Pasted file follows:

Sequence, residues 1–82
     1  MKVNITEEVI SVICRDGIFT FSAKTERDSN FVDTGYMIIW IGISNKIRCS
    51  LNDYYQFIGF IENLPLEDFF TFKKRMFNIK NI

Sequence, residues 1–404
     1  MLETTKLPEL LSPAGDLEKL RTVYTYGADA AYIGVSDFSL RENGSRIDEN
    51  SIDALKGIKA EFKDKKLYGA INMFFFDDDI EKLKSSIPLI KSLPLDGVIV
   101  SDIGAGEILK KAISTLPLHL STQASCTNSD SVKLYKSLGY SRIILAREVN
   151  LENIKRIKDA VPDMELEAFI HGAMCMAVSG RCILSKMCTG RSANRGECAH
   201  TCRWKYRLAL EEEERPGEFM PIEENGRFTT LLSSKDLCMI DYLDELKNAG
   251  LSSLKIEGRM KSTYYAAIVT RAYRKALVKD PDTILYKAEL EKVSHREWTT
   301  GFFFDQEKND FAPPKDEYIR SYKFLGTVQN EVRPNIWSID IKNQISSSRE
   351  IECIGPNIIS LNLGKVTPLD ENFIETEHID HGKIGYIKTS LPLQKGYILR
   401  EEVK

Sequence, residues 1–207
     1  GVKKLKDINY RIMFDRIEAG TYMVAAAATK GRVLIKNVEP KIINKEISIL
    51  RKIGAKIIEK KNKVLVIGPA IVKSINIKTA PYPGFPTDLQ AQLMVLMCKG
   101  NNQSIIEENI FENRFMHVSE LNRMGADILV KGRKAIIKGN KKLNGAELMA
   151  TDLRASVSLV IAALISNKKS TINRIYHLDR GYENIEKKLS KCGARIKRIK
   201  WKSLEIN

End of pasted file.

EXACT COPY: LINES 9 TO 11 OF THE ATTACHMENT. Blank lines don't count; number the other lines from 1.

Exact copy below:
   201  TCRWKYRLAL EEEERPGEFM PIEENGRFTT LLSSKDLCMI DYLDELKNAG
   251  LSSLKIEGRM KSTYYAAIVT RAYRKALVKD PDTILYKAEL EKVSHREWTT
   301  GFFFDQEKND FAPPKDEYIR SYKFLGTVQN EVRPNIWSID IKNQISSSRE